- We created templates for the various squads along business missions and mapped the interactions between them to ensure there were no strong overlaps or dependencies.
- Visual management proved to be essential in this communication.
Define the stages of roll out:
It was key for us to plan it out well, roll-up our sleeves and do what it takes to become fully agile. Some of the critical stages of the roll out were:
- Preparing a detailed on-boarding process for every team member
- Reviewing the transformation process and responsibilities with Tribe Leaders, Chapter Leaders and Product Owners
- Running workshops on agile transformation and goal setting for the squads and squad members to align on business missions
- Letting everyone review the structures and founding documents
- Reshuffling the office so that the team can sit together and kick off initial meetings
7-8. We got feedback, tested and benchmarked
We are going to have to give time and space for the system to settle.
Effectiveness is what matters.
We invited a great agile coach for a 3-week transformation, which helped us to understand our limitations, where we stand against the industry and define clear actions to get there entirely (Thanks Clo!). The experience would be for a separate post on its own. The importance of receiving a solid feedback and training cannot be underestimated.
9. We review and repeat
We have defined our expectations for this transformation and will review it within the next month. We are aware that this is a learning process. We expect that as we scale and reach a certain volume, we will need to change and adapt the teams again. That’s ok.
10. We raise the bar
We have compiled a list of questions from the team that highlighted the further challenging decisions we’re going to have to make together. But finding the answers and being transparent about it will elevate our game. Some of those are:
- Budgeting: What levels of freedom are we ready to give to each of the teams/squads? What principles should they follow, in order not to prevent their autonomy?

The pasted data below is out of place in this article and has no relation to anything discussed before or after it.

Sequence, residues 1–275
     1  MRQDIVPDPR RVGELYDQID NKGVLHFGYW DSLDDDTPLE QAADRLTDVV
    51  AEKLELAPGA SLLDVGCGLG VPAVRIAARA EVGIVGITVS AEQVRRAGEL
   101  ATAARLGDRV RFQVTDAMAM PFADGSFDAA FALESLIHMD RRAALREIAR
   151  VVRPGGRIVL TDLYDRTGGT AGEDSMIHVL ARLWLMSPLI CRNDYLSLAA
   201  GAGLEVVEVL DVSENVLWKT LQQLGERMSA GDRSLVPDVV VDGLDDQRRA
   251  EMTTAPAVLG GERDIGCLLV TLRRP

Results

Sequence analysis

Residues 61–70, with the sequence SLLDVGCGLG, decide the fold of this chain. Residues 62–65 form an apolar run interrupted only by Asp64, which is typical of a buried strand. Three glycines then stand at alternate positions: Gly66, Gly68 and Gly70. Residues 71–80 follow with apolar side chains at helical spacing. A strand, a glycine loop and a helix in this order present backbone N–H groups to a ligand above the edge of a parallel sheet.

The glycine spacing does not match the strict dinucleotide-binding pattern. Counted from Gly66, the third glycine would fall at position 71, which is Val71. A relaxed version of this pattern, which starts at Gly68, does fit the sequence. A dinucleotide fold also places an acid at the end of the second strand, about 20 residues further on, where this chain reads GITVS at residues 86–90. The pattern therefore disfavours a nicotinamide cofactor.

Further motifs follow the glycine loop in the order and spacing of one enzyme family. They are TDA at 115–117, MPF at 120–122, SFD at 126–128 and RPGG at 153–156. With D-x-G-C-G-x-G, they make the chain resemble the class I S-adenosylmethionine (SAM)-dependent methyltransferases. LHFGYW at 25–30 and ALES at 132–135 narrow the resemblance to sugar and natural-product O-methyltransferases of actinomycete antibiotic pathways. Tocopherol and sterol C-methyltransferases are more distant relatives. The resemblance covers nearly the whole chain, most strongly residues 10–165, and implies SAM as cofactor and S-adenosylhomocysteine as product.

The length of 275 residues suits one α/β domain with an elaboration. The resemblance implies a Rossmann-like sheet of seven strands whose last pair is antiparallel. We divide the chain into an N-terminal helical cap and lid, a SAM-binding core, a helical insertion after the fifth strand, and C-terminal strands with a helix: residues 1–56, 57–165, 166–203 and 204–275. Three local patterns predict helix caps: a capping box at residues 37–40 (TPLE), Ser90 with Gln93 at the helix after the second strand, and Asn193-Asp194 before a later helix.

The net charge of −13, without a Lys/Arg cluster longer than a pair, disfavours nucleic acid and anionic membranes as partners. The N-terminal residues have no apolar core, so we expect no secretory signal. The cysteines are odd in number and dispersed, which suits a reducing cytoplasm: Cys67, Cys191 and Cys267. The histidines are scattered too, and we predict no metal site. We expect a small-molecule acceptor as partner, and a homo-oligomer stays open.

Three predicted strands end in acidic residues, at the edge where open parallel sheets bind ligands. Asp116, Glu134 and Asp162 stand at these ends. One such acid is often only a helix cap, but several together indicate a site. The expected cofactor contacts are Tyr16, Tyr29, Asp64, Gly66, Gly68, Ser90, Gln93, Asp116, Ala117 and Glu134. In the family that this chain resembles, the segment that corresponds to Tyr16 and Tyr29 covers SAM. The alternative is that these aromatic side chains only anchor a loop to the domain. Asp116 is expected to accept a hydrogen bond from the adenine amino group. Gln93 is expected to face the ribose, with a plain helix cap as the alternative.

- Hiring: How is autonomous decision-making impacting the hiring process? How do we ensure we keep the role of the “bar-raiser” that that takes care of culture fit and ensures that we’re hiring A-players? We have received a great feedback by top talents that joined us recently. They love the fully-agile structure and the power they have to run fast with their ideas, but how do we make sure the culture stays intact?
- Overload & Overhead: How do we make it as simple as possible for everyone to participate in the process of agile transformation? What are other steps besides providing templates, task lists and onboarding that would enable people to co-create the whole process and own the transformation?
What’s the role of the founders or the top leaders?
In agile teams, the founders’ focus is on providing the right environment for the overall organisation. This has meant:
- Laying down the principles and fundamentals of the agile transformation
- Developing the guidelines of how agile works at HQ
- Designing the roll out, step-by-step
- Identifying who are our leaders within the company & growing them
- Outlining key processes once we’re up and running
- Ensuring a solid knowledge exchange and capitalisation of the team
Creating an agile environment is a big step for any company, but we’re committed to an organisational structure that will help our company move fast and innovate. It can be daunting to release the reins, but it does provide opportunities for other people to pick up the mantle and get things done. But we already see how we are moving faster.
We are more aligned, and our amazing teams have higher autonomy to execute.
Our agile transformation journey in 3 steps:
- Decide if being an agile company aligns with your values and vision. If the test fails here, you won’t have the ability to stick with it.
- Detail your process by asking the right questions and consulting the experts. Knowing how to communicate is a key step in ensuring this is a success.
- Keep the floor open for conversation. Review performance, celebrate when things work out and address areas that are weak.
We know very well the road won’t be smooth, but as I said in the beginning:
It is simple, but not easy.